Wednesday, September 29, 2010
A trio of budding entrepreneurs launches a T-shirt shop featuring one-of-a-kind artistic creations. By Lisa Hanchey
|Square One's Grant Fontenot and Ryan Cormier
Youth, enthusiasm and T-shirts with a twist — that’s what budding entrepreneurs Ryan Cormier, Grant Fontenot and Chris Decou bring to their brand-new business, Square One Print & Apparel.
Twenty-seven-year-old Fontenot, part-owner in Legend’s downtown, has the business savvy. Artist Ryan Cormier, age 26, designs the customized logos. The youngest, 23-year-old Chris Decou, serves as the T-shirt connection.
The three buddies/business partners grew up in the same Lafayette circles. Cormier and Fontenot have known each other since grade school, when they played pick-up basketball. Both graduated from St. Thomas More and joined the same fraternity at UL Lafayette. During college, the two bartended: Fontenot at Legends downtown and Cormier at Tsunami across the street.
While pursuing his major in graphic design, Cormier discovered his true passion — painting. Modestly, he admits that he sold every piece he ever created, showing this reporter an iPhone image of one of his most popular works, a painting of New Orleans Saints quarterback Drew Brees post-Super Bowl dunking a football over the goal post. New Orleans landmark Jackson Square and the mighty Mississippi River serve as the backdrop for the dramatic depiction (caught in the emotion of the moment last year, Brees did dunk the football over the 10-foot high crossbar after scoring against Miami). “After I did the painting, I got so much feedback that I decided to make a stencil of it and keep it going,” he says. Eventually, he aspires to incorporate that design onto T-shirts at Square One.
Fontenot started at the bottom of the ladder at Legends downtown, working his way up from doorman to manager in just a few months. With graduation approaching, the biology major pondered a career in medicine. Then, Legends owner Jared Doise offered him the opportunity to buy into the popular bar and eatery. Fontenot jumped at the chance, becoming a minor partner in the downtown location. Still, he wanted to keep his options open. “I didn’t want to limit myself just to the service industry — I kind of wanted to venture out and diversify,” he explains.
Following closely behind the dynamic duo was Decou, who had attended the same schools. Decou knew his future partners through friends and family. Cormier’s mom, Linda Terry, is a vice president at MidSouth Bank, where Decou’s father, Glenn, serves as regional president. [In the spirit of full disclosure, ABiz Associate Publisher Odie Terry is Cormier’s stepfather.]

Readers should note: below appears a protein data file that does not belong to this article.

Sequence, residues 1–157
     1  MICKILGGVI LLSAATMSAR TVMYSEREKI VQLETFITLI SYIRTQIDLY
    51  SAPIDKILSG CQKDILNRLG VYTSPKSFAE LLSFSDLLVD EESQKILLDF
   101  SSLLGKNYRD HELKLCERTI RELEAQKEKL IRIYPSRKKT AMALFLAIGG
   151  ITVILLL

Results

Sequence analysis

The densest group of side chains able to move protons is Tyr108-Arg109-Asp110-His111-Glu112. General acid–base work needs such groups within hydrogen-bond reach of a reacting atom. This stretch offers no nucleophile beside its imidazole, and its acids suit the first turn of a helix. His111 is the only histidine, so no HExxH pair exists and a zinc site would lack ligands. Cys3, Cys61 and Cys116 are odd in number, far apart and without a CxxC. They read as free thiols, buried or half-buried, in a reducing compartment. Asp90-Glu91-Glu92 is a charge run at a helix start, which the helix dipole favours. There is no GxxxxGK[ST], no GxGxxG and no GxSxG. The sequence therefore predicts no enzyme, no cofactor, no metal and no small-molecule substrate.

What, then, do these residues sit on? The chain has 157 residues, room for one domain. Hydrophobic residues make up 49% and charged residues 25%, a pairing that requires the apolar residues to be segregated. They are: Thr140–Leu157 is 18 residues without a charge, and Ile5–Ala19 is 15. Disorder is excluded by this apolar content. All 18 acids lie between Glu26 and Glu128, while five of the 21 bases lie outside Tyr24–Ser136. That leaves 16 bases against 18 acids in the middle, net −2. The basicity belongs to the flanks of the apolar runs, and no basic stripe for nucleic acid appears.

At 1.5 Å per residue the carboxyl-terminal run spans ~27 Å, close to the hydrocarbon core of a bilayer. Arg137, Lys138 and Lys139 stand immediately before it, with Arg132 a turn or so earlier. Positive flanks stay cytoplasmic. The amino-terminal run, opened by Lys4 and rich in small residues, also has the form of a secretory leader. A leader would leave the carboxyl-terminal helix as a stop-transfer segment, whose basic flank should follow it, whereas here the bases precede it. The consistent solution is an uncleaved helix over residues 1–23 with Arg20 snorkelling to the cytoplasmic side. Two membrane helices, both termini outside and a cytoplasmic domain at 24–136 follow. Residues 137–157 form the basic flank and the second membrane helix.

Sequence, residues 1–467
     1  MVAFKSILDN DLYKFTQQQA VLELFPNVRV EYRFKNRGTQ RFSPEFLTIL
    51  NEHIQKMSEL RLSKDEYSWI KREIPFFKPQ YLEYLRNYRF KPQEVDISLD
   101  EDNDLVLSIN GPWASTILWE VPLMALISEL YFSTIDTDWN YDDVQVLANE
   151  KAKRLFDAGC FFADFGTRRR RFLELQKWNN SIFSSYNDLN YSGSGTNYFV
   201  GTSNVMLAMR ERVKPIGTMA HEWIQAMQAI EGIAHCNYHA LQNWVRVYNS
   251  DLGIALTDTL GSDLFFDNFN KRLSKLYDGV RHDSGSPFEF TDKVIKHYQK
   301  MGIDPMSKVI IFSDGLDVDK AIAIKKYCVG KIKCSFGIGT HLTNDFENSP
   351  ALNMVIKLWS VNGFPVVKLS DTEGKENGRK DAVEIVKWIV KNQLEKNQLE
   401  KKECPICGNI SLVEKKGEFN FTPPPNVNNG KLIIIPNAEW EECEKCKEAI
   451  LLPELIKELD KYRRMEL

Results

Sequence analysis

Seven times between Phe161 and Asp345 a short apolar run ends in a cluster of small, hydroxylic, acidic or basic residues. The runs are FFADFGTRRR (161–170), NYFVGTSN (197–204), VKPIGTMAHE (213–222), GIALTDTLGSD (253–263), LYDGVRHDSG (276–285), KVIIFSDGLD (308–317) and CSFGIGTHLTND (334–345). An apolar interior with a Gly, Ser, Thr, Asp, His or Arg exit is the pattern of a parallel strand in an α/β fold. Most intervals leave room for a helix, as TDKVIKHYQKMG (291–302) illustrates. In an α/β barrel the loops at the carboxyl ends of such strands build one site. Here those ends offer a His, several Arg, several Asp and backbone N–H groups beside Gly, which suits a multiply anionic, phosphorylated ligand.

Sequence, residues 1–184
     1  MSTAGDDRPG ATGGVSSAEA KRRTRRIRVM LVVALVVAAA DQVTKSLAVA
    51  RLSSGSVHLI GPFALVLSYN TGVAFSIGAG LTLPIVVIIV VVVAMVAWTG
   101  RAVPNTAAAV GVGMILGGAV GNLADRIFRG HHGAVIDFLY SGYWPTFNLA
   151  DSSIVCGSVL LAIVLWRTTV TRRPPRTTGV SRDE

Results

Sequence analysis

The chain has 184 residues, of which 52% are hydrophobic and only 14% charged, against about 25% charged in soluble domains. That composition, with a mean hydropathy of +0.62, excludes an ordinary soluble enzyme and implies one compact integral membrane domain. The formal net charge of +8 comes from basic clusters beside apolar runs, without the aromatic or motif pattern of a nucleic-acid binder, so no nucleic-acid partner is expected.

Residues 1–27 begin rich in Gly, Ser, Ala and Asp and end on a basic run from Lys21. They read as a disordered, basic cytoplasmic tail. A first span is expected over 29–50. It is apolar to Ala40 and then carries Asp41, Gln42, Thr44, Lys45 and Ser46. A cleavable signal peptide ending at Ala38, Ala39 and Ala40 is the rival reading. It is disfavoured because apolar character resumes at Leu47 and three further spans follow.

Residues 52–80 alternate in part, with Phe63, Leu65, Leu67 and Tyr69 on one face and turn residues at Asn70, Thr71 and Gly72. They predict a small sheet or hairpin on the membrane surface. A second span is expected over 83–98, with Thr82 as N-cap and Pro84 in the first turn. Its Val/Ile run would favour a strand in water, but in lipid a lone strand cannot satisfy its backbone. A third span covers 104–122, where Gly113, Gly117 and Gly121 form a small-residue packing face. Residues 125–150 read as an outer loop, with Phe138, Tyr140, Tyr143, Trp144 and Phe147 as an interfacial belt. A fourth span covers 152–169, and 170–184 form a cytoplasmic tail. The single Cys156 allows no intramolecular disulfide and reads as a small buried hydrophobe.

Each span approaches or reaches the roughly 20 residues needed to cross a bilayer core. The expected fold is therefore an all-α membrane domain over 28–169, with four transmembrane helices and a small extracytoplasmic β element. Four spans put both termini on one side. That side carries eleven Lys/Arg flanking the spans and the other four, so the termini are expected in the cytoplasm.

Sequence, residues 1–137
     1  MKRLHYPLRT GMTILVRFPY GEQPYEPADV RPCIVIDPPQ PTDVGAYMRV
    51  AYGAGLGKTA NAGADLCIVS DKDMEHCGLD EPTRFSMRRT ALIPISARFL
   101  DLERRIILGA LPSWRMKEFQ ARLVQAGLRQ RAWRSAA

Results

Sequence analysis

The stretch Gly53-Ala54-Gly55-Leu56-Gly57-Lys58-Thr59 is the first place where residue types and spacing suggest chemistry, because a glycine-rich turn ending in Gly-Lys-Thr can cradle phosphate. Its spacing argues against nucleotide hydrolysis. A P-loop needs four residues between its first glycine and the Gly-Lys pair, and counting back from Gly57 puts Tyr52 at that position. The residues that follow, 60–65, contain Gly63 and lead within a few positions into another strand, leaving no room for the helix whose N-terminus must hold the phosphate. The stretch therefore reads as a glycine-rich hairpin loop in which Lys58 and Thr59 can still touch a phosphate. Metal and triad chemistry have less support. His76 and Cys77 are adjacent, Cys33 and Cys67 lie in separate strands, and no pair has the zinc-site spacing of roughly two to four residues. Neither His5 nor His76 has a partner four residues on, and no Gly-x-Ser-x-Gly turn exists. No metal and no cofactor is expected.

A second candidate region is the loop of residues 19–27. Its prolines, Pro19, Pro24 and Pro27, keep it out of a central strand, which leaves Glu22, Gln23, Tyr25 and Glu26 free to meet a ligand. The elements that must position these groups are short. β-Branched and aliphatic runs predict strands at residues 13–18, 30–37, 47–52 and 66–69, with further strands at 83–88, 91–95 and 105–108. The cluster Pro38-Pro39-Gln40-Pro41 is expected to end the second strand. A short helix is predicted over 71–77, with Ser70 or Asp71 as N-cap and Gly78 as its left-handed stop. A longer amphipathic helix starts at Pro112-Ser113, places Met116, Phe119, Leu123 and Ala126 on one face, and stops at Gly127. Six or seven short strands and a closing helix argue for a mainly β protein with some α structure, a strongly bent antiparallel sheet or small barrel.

For the last five years, Decou worked in the wholesale T-shirt and novelty business. “I basically had a wholesale printer and a vendor’s license,” he says. “So, I’m actually familiar with the ordering, shipping and the ins and outs of the business. I know the money to be made here.”
Fast forward to 2010, when Cormier and Fontenot were tossing around T-shirt ideas for Legends. After perusing some designs, the two had a Eureka moment: “Why not start making our own T-shirts?” Fontenot recalls. The two creative minds enlisted Decou, who had the T-shirt sales expertise, and the business was born. It was Cormier who came up with the moniker Square One.
“It’s kind of our mantra: everything starts at square one,” Fontenot says.
After lining up potential corporate and retail customers, the tenacious trio secured space at the corner of W. Pinhook and Verot School roads in Pinhook Plaza across from Walmart. The business officially launched this summer.
Square One’s partners plan to start with screen-printing T-shirts, then progress to posters, prints and giclees. Gradually, they hope to add clothing, tote bags, purses, caps, flyers and leaflets featuring the Square One brand. “Our idea was to cut out the middle person, and do our own designs,” Decou says.
Fontenot and Cormier are the creative forces behind Square One. “I come up with an idea ‘inside of the box,’ and present it to Ryan,” Fontenot explains. “Then, Ryan comes up with something that’s way ‘outside of the box,’ but it plays well together. That’s another reason why we thought we could collaborate together and work well in coming up with the designs and things that people usually don’t think of.”
The designs are what Square One’s owners believe will set them apart from the competition. Instead of using clip art or pre-fabricated transfers, Cormier will customize a design for every client’s needs. “When most people go to a T-shirt shop, they look at a book and pick out a design,” he says. “We’re going to be able to sit down, and I’ll sketch something out for them. We will work with anybody who needs shirts printed and has an idea, whether it’s for a company or smaller projects for individuals.”
After posting a handful of drawings on Facebook, the guys received enthusiastic responses. “Between the three of us, we know a lot of people, and the word has traveled fast,” Cormier says. “A lot of people are looking forward to it.”
Adds Fontenot, “Other companies have bigger machines and more presses than we will starting out, but I think we will have the most creative ideas and bring a very professional business to the people in Lafayette and outside of Lafayette, eventually. I just think we will bring something a little fresher. Our main goals are quality, and getting something that you might not get somewhere else.”
Another business distinction is their youth. “Everyone here is young, fashion-oriented and knows what’s hot out there,” Decou says enthusiastically. “We think there are no limits. We have a lot of time and a lot of creative ideas.”Square One T-Shirts
Owners: Ryan Cormier, Grant Fontenot & Chris Decou
2800 W. Pinhook Road, Suite 5